All together now: “Rrrrright…. nowwww… Hahahaaaa!”
One night in late November 1976 I was at the Marquee Club watching a short fat Frenchman called Little Bob who played amphetamine-fuelled RnB when Malcolm McLaren walked in with a bag under his arm.
He wandered through the audience and whenever he spotted someone he recognised he would reach into the bag and hand them a 7-inch vinyl record, fresh from the pressing plant.
I was lucky enough that the recipients of a free copy of one of the landmark singles in music history included my college friend Adrian Thrills (né O’Dolan). And me.
The record was, of course, Anarchy In The UK by The Sex Pistols, and those of us who had been following the band for most of the year had been eagerly awaiting it for some time. I couldn’t wait to get home and play it.
I wasn’t disappointed. Actually, I kinda was.
Somehow, through no fault of their own (but due mostly to Malcolm), the mythology around the Pistols had built so much that by then that, compared to the confrontational experience of seeing them play live, it came as a slight disappointment.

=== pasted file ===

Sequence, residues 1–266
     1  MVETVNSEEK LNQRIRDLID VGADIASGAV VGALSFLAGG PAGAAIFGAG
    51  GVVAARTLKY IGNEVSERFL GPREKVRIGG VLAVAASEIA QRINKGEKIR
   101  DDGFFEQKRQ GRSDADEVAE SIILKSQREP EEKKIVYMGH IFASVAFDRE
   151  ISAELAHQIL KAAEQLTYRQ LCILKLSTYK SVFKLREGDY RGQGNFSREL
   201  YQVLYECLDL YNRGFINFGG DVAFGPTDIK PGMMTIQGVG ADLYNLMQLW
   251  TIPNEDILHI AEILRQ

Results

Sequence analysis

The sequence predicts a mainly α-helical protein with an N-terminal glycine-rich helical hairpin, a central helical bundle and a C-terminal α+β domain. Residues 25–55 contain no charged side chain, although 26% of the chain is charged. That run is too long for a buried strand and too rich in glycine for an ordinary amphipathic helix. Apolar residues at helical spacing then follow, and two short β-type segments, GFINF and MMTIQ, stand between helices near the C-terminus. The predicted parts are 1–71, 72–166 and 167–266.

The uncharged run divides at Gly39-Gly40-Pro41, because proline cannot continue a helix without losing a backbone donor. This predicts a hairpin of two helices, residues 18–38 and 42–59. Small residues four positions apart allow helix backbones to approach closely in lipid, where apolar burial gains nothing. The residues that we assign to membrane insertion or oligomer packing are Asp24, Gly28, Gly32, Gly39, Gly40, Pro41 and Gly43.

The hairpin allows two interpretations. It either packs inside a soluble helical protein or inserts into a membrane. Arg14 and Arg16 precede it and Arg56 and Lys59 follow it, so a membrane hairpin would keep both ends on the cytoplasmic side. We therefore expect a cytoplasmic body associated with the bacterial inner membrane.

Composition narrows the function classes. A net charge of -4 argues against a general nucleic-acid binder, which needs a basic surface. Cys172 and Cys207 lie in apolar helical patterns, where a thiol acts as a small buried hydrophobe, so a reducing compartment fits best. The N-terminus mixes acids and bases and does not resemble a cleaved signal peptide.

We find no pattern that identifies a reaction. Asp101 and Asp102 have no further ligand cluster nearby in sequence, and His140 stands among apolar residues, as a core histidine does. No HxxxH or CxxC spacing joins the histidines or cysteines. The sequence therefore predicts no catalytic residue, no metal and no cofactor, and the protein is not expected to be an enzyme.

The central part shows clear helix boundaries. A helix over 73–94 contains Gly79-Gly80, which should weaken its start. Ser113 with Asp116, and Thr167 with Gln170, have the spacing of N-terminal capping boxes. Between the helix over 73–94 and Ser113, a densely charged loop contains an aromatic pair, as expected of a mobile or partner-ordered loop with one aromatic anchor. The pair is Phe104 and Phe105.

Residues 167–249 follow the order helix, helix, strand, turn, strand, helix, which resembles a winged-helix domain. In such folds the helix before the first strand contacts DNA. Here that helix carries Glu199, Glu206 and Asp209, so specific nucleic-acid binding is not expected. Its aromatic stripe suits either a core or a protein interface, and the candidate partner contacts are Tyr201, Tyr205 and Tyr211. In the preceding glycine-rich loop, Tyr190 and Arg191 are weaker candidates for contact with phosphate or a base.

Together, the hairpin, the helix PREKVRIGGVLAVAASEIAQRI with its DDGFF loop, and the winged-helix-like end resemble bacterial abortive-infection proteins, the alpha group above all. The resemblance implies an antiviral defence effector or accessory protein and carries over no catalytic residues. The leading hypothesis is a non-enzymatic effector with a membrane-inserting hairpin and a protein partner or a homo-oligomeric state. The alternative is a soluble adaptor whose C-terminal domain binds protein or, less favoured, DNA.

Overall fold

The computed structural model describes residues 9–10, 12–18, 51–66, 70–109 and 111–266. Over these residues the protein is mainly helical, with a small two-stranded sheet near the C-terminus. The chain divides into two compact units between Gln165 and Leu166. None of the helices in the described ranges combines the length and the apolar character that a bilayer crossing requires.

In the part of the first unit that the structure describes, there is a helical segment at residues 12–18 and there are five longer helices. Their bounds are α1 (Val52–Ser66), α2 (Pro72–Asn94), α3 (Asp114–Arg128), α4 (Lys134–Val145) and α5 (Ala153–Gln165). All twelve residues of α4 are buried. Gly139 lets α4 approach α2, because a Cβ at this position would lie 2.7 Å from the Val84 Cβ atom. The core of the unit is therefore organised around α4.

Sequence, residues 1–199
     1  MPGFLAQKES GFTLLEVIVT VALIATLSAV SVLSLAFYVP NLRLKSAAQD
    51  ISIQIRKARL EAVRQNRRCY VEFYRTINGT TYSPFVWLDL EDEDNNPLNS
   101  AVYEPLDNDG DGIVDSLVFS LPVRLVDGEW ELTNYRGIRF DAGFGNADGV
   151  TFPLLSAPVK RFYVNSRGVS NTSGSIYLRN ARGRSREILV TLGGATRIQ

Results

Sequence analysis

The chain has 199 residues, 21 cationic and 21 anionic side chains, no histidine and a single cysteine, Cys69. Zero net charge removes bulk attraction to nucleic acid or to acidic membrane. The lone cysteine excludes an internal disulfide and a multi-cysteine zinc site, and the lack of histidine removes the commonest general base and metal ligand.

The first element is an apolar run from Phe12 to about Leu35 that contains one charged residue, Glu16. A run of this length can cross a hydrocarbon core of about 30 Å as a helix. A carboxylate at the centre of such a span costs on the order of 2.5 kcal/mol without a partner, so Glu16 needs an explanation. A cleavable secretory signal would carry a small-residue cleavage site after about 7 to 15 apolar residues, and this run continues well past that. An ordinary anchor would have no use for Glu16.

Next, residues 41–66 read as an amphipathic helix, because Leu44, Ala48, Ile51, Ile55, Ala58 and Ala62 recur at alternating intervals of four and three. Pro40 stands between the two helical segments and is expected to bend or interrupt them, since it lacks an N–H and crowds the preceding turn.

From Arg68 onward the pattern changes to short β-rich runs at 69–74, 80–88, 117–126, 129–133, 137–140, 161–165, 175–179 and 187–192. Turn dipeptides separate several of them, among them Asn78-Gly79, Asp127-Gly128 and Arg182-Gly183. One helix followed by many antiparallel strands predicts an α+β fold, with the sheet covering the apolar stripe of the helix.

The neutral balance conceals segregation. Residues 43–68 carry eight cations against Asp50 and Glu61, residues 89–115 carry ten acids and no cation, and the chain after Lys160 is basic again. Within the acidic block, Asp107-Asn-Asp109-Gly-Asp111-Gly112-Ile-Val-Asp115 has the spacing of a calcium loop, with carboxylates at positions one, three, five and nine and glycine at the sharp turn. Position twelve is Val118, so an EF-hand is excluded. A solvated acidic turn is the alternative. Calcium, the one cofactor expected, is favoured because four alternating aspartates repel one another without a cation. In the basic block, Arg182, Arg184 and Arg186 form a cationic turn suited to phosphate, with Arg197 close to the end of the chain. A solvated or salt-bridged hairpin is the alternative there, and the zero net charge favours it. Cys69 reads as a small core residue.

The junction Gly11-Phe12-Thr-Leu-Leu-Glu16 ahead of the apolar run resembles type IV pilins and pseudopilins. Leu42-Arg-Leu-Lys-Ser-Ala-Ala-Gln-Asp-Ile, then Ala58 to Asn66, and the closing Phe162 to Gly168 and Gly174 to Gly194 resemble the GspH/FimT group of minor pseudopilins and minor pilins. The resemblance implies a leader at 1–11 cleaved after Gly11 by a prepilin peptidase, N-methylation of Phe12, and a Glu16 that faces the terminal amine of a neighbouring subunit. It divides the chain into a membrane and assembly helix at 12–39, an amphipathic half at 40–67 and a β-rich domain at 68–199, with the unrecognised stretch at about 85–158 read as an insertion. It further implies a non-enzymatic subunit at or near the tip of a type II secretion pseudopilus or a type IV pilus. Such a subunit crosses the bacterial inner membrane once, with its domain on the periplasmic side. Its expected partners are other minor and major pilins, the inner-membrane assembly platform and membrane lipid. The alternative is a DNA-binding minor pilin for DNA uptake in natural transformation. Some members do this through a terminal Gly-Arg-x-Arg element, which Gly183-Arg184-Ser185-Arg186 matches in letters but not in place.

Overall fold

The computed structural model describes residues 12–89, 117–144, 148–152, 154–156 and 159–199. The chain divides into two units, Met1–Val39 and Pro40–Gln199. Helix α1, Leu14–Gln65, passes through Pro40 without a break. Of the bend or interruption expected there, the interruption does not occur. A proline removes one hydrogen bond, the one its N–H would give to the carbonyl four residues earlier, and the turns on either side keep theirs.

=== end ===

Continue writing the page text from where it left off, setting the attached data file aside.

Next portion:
When you stripped away the hype and expectation, Anarchy demonstrated that beneath all that they were really just a rock band with a guitarist and a bass guitarist and a drummer and a singer.
Not that you’d have known it when, a few days later, they appeared on TV for the first time.
The presenter, a clearly inebriated Bill Grundy, didn’t disguise his contempt for these youngsters with their funny clothes and funny hair, mocking them sarcastically – and trying it on with Siouxsie Sioux.
They responded, not unreasonably, with a few choice expletives, albeit of the kind probably being uttered at that very moment in living rooms around the country.
The next day – December 2 – they were on the front page of every tabloid paper and McLaren had achieved his aim of making them the most controversial band in Britain.
Notorious, yes, but far from the most popular… Anarchy never made it any higher up the singles chart than a lowly no.38 and, as a direct result of their reputation as troublemakers, the Pistols were dropped by their label, EMI, a month later.
As for Little Bob and his band, Little Bob Story, they had a great song called Riot In Toulouse but never had a hit single of any kind. But Bob is still alive and he played a key role in one of my favourite films of recent years, Le Havre, by the great Finnish director Aki Kaurismäki.